Review: Voyagers

In space, no one can hear you snooze.


Writer-director Neil Burger has salted his new sci-fi movie, Voyagers, with provocative social issues, but they're hardly new. "Who are we?" "Where are we going?" "Who cares?"

Colin Farrell plays Jim, a science guy involved in a project creating government-engineered embryos. The resulting babies are raised in isolation—they never see outsiders or sunlight or hateful Chick-fil-As blighting the landscape. These kids have been created to scout out a new home for the people of Earth, whose own planet—as they were warned!—is being roasted by global warming. Scientists already have their telescopes trained on a substitute orb for Earth's sweltering masses, but it's 86 years away. So the original crew will never arrive there, only their no-doubt-cranky grandchildren.

By the time we arrive on the spaceship Humanitas, we see that the kids, now young adults (but still chaperoned by Farrell), are spending their days in a state of robotic indifference, exhibiting no signs of emotion. This is because they're secretly being dosed with a drug that renders them dull and docile, as if they were citizens of Cold War Bucharest. More alarming, the drug also eliminates sexual desire. "So they can control us," says one young crew member, a born troublemaker named Zac (Fionn Whitehead of Dunkirk). "They don't want us to reproduce naturally," says his nice guy buddy Christopher (Tye Sheridan of Ready Player One). Now pissed off, these two stop knocking back the little blue drug cocktails that accompany their meals, and immediately develop an interest in a cute shipmate named Sela (Lily-Rose Depp).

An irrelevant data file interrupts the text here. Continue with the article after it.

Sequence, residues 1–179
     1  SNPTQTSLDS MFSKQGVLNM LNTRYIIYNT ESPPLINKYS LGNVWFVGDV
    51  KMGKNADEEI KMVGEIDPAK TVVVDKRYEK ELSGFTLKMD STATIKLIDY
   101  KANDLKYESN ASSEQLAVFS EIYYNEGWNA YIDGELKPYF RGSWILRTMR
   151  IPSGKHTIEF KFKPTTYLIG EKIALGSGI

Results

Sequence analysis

Soon Zac and Christopher are squabbling over Sela and striking philosophical poses for us. Christopher is the voice of reason and probity. Zac is the voice of "Fuck that!" Told that he must try to be a good person, Zac says, "Why? We're just gonna die in the end, so why can't we do what we want? Who cares about 'the rules'?" Soon, the rest of the crewmembers are taking sides and lining up behind either Zac or Christopher. Punches are thrown, weapons are sought.

"Why have they all gone crazy?" Sela asks.

"Maybe they haven't," says Christopher thoughtfully. "Maybe this is what they're really like. Maybe this is our true nature." Yeah, maybe.

Burger is pretty out-front about his story's resemblance to Lord of the Flies. And he borrows from familiar sci-fi sources. There's a loud-gasping spacewalk of the sort we've seen before in movies like Sunshine, Gravity, and of course 2001: A Space Odyssey. There's a frantic tussle at the ship's airlock. And there's an alien, too—well, there's quite a bit of talk about an alien (it's said to be stowed away onboard the ship, like some sort of intergalactic Mexican), but it turns out to be a big red space herring.

Sheridan and Whitehead are solid and snarling embodiments of the counterpoised talking points they represent. Depp is…cute. (She's not been given much of a character to work with.) The rest of the rocket crew are suitably gutless sheep. ("Maybe we should just give up," says one of Christopher's increasingly imperiled followers.)

In a movie built around antiseptic tones of blue and gray and white, and long empty corridors in which knots of people occasionally run around, there's not a lot to get excited about. There are a few mildly amusing moments (when carnal consciousness arises in one scene, we're given a quick montage of spurting water and sprouting greenery), but we're probably past the point where anyone ever quivered in anticipation of mild amusement in a sci-fi movie.